Senior Afghan and Pakistani military officials held their first meeting last week in Rawalpindi on common concerns over security matters: Report
Afghanistan, Pakistan 'To Form Joint Working Groups'
The Pakistan government has formally shared proposals with Afghanistan for establishing joint working groups that will allow both countries to address each other's concerns on all key issues, Pakistan’s Daily Times reported.
A Pakistani official said senior Pakistani and Afghan military officials also held their first meeting last week in Rawalpindi on security issues.
The countries agreed to the formation of the groups during the talks between Pakistani Army Chief General Qamar Javed Bajwa and President Ashraf Ghani in Kabul on October 1, according to the report.
The groups are to discuss diplomatic, military, intelligence, economic and refugee issues, said an official who did not wish to be identified.
"Chiefs of the military operations have held talks under the same arrangements and other groups will also start meetings on a regular basis to address each other's concerns," he said.
The Pakistani and Afghan military officials held two-day talks on Thursday and Friday. No side issued any statement and officials from both sides avoided giving comments.
Pakistan’s military spokesman Major General Asif Ghafoor, however, told TV channels that the Pakistani side had raised with the Afghan delegation last Friday's terrorist attack on an agriculture center in Peshawar, which killed nine people, including seven students, and injured 35 others.
The spokesman for the banned TTP Mohammed Khorasani claimed responsibility for the attack. The militant group released photographs of the attackers, sitting with the TTP chief Maulvi Fazlullah, and posted a video of the attack online.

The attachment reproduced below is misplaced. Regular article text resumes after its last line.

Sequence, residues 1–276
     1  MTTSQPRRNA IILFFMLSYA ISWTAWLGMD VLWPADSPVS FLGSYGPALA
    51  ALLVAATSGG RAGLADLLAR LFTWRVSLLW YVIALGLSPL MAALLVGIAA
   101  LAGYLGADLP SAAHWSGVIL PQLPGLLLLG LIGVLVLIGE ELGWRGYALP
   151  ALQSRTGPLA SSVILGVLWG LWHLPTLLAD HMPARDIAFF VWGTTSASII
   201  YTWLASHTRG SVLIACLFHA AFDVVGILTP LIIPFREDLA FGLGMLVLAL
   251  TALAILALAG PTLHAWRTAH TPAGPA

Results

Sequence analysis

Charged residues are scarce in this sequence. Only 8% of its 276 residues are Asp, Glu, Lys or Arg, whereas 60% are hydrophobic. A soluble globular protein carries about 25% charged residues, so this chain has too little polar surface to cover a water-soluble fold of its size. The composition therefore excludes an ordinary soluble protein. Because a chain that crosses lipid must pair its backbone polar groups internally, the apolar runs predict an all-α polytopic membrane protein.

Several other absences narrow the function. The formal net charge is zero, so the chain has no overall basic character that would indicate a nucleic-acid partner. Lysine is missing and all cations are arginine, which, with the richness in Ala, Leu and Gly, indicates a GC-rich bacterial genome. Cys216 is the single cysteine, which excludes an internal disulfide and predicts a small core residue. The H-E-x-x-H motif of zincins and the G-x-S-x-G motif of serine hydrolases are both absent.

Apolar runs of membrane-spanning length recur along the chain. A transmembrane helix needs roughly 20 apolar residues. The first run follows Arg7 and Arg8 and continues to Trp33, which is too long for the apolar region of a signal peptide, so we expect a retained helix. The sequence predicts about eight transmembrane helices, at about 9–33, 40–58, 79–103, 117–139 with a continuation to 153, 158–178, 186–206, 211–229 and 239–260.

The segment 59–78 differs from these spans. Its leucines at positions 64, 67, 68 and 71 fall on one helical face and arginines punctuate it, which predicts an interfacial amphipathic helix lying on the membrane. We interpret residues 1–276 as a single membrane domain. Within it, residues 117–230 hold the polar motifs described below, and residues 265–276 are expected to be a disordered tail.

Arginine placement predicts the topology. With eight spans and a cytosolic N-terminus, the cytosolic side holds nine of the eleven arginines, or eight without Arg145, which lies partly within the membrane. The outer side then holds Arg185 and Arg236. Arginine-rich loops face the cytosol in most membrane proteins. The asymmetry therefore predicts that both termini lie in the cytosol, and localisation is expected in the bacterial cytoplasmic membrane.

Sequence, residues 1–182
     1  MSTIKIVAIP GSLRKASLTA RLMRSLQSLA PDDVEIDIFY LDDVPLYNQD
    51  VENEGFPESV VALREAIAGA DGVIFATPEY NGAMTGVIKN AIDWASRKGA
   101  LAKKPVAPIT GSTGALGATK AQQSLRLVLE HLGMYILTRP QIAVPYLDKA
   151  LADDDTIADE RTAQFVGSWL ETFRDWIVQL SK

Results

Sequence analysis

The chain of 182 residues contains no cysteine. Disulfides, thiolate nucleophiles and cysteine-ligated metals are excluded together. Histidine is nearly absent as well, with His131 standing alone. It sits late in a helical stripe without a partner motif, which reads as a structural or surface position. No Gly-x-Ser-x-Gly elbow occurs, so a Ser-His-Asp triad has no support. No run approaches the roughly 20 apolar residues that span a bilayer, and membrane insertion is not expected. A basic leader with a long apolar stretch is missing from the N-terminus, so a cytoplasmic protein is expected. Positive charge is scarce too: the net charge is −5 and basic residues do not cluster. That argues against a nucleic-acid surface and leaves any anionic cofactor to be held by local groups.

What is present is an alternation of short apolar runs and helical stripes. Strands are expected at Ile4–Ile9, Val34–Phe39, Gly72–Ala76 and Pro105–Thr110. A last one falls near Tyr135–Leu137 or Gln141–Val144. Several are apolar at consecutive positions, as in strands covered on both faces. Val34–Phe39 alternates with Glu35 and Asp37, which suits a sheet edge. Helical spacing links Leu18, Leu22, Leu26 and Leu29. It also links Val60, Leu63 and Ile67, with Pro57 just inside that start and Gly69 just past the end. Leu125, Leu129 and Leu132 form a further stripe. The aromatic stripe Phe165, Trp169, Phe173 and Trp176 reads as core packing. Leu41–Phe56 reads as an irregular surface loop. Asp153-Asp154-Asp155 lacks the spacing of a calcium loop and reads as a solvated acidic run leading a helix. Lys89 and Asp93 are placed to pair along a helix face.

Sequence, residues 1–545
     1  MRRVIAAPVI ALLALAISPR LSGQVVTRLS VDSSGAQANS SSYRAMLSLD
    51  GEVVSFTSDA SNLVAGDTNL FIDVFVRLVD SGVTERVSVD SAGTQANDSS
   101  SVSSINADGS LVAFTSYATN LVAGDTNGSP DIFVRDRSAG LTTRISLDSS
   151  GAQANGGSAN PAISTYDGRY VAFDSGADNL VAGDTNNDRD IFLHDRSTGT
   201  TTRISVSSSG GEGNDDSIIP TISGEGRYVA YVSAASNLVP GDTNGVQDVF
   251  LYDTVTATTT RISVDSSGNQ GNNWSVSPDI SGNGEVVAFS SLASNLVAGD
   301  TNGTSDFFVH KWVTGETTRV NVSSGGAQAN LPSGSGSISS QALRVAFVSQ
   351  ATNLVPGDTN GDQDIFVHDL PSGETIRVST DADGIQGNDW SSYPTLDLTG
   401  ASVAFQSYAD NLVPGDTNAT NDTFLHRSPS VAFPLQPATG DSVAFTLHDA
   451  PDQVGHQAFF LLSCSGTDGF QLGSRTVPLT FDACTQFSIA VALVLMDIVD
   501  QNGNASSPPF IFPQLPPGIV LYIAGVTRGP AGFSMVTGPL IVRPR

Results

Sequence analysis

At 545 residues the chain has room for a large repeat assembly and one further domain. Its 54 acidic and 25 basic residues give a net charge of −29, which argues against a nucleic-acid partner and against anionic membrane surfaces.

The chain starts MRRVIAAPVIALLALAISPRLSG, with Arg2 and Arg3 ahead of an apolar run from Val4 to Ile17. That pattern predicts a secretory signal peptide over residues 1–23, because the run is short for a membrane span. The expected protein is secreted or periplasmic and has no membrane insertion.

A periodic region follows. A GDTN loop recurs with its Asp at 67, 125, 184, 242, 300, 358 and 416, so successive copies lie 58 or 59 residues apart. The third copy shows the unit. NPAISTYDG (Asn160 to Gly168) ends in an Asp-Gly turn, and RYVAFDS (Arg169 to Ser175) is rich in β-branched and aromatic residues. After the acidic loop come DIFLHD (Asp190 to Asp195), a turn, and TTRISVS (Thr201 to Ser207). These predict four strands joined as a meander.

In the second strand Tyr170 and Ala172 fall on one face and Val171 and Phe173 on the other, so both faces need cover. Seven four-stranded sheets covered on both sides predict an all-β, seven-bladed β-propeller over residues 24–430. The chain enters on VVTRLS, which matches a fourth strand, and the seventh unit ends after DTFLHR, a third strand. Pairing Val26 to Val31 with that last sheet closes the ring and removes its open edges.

The report said that the Afghan Chief of General Staff Gen. Mohammad Habib Hesari led a seven-member delegation in the talks with their Pakistani counterparts. The Pakistani delegation was led by Director General of Military Operations Maj. Gen. Sahir Shamshad Mirza, according to sources.
The report added that Pakistan security officials pressed for their long-standing demand to take action against the Pakistani militants, who they believe have sanctuaries in Afghan border regions.
On their part, the Afghan side tabled the issue of cross-border shelling by Pakistani forces into Afghanistan.
"Pakistan and Afghan militaries are now engaged to put in place a system of coordination to find a solution to the cross-border shelling and to stop attacks from the Afghan side of the border," the official said.
He said President Ghani and several other leaders had also taken up the issue of the cross-border shelling with Pakistani officials and insisted that the rocketing results in the "displacement of the people."
"Kabul called for restraint from the Pakistani side and sought some time for Afghan forces to deal with the situation but Pakistan had made it clear that it cannot wait if terrorists from Afghanistan launch attacks on Pakistani posts," the official went on to say.
"We categorically dispel the impression that Pakistani forces fire into civilian areas. Fire is only returned to areas from where Pakistani posts are attacked," he went on to say. However, Afghan officials insisted that Pakistani shelling "affects civilians and hundreds were displaced in the last month's shelling."
The government of Afghanistan has not yet commented on the proposals.